To attain the passing grade, maybe we should all start by reading Man’s Search for Meaning by Viktor Frankl (short and cheap!). Or, try The Meaningful Man, a CBC podcast about Frankl’s work, I highly recommend it. See Viktor Frankl – – I will continue to add items. At the top of the page:
“It did not really matter what we expected from life, but rather what life expected from us. We needed to stop asking about the meaning of life, and instead to think of ourselves as those who were being questioned by life—daily and hourly. Our answer must consist, not in talk and meditation, but in right action and in right conduct. Life ultimately means taking the responsibility to find the right answer to its problems and to fulfill the tasks which it constantly sets for each individual.”
The children of District 6 absorb imported western pop culture through ubiquitous television and electronic devices, their “baby-sitters” by necessity. “Poor” homes almost all have TV’s. Our culture has been swamped by the material and meaningless, normalized in North America, inescapably violent. The documentary film “Bowling for Columbine” by Michael Moore which followed the first of the murderous attacks on school children in the U.S. masterfully portrayed, if you wanted to see it, the systemic but veiled violence in “American” culture. The film identifies root causes. Judging by the results – – the thought and resources that went into the film were a wasted effort by Moore.
The evolution of gangs is a symptom of our failures – – the adults. The situation at the U of Ottawa reflects the failures of adults. We are the ones responsible for rearing our children.
Rachel Carson observed: Those who dwell…among the beauties and mysteries of the earth are never alone or weary of life.
The Africans provide insight. But do we want to acknowledge or to learn? Denial is an obstacle to addressing the growth of violence that comes with gangs in our communities.
I recently read Midnight in Mexico: A Reporter’s Journey Through a Country’s Descent into Darkness, 2014, by Mexican-American Alfredo Corchado.
Mexico is our partner, along with the U.S., in NAFTA. This book does an excellent job of presenting the Mexican experience of gangs grown so large that they go by a different name: cartels. We know of the violence in the U.S.. Canadians are skating on very thin ice if we think we can “leave it to police to deal with”.
The lessons make clear that the Police are unfairly tasked with solving the gang problem. It is a societal problem. The “economy” was created by us. We are creatures molded by our economy. It can be changed by us. It SHOULD be changed if it is not serving us well. The wisdom of the ages is that “things” are not the answer. Yet that is the stew we feed our kids.
From the interview with the Police Officer: the kids from the well-to-do homes seemed to participate in gangs because they are motivated “solely by greed”. That is an imperfect answer. What experience do they have with anything else but consumption of things? They are rated; they are evaluated by their “things”. The same applies to the other kids without reference to rich or poor As with language, they learn culture by absorbing it and then one day they emerge onto a higher plateau with an amazingly well-developed ability to spew it forth. But what if “the who” of their being has never been a factor in their lives? What if “the who” of their being, that has never been acknowledged or respected or even sought, finds no meaning in our culture? Why would they not gravitate to another culture?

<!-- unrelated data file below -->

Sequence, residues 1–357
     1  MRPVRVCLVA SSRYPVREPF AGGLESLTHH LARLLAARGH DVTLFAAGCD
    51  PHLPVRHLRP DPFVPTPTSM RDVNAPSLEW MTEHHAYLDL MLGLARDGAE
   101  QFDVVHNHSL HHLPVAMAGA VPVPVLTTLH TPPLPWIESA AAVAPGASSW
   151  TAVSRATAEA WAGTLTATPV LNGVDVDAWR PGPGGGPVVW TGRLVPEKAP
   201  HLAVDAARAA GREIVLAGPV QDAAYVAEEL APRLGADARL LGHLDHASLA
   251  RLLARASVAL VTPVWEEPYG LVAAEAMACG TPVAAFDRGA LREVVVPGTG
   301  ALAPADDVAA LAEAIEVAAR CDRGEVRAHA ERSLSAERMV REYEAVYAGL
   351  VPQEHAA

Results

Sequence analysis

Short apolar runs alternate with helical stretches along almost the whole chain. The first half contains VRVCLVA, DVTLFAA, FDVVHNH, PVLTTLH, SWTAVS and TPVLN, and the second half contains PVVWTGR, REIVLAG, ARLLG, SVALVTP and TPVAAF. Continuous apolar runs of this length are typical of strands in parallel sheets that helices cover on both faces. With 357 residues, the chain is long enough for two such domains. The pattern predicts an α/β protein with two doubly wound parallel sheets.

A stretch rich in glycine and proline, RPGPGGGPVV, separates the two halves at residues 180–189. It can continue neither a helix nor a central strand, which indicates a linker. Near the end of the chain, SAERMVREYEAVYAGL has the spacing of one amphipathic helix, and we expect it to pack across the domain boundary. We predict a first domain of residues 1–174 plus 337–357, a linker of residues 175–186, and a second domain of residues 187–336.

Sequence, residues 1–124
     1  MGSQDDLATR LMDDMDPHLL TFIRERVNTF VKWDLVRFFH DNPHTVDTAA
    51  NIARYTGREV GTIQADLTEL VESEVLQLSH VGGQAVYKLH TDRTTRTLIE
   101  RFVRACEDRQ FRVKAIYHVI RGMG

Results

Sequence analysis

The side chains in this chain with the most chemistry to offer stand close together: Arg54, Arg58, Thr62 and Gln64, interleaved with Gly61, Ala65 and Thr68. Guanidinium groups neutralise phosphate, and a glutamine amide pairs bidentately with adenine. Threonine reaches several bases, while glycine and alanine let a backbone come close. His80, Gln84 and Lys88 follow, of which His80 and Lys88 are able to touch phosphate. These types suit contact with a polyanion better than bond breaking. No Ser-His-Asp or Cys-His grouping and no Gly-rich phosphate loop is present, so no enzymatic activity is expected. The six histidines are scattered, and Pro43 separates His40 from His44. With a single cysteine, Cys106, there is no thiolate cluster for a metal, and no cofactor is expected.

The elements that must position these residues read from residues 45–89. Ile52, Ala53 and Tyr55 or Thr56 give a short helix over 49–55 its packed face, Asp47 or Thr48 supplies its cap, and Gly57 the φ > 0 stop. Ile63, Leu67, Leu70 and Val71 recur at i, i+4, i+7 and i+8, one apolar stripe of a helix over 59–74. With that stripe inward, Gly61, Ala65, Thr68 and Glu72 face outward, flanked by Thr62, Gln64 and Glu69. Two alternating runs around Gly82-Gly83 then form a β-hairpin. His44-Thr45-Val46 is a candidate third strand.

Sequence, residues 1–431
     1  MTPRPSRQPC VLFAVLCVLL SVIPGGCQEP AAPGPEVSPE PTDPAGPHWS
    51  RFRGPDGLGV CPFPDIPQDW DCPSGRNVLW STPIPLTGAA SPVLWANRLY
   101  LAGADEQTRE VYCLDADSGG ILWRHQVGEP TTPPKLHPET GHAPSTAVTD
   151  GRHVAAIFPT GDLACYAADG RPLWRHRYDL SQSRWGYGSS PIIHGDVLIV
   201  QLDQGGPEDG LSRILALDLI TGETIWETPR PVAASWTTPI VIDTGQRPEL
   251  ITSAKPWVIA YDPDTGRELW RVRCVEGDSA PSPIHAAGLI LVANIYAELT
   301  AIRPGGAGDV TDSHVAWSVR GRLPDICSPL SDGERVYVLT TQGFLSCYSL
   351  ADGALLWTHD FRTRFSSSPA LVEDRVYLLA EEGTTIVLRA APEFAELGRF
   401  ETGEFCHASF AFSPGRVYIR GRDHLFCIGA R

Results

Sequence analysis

It has to be a “community” of supportive adults. The presence of adults in the home is not sufficient. I recall a friend whose father and older brother sexually abused her when she was young (as an adult she knew she hated her father, but she didn’t know why until the curtain lifted). The family was European, 6 kids. Could the Mother have found help to protect this daughter, whether or not she knew what was happening? . . . The daughter tells the poignant memory of her Mother trying to change the family circumstances. She packed some things in a small suitcase and was at the short picket fence before the sidewalk. She didn’t speak English. She had been isolated in the home looking after the children. May not have known where to go to find help. Her kids were crying, pleading with her not to leave. Her shoulders stooped, her head hung down, she waited . . . then turned around and came back.
Today the immigrant adult in the home that speaks little English might have natural brown or dark skin, not “tanned” brown skin. The mother has friends in her community, is living with a sister-in-law to help make ends meet, but has been struggling for a long time unsuccessfully to help her son who is addicted and in a gang, discovers that her husband is living with another woman when he goes back to China. Seeing herself as a failure as a mother, a failure as a wife – – what does she do?
Thank-you to the Police Officer for “going public” on his work to reduce the need that kids have for gang families. It will be to our benefit to prioritize and fulfill our responsibility to our children, which will help him find success and satisfaction, too. So might we together achieve a passing grade.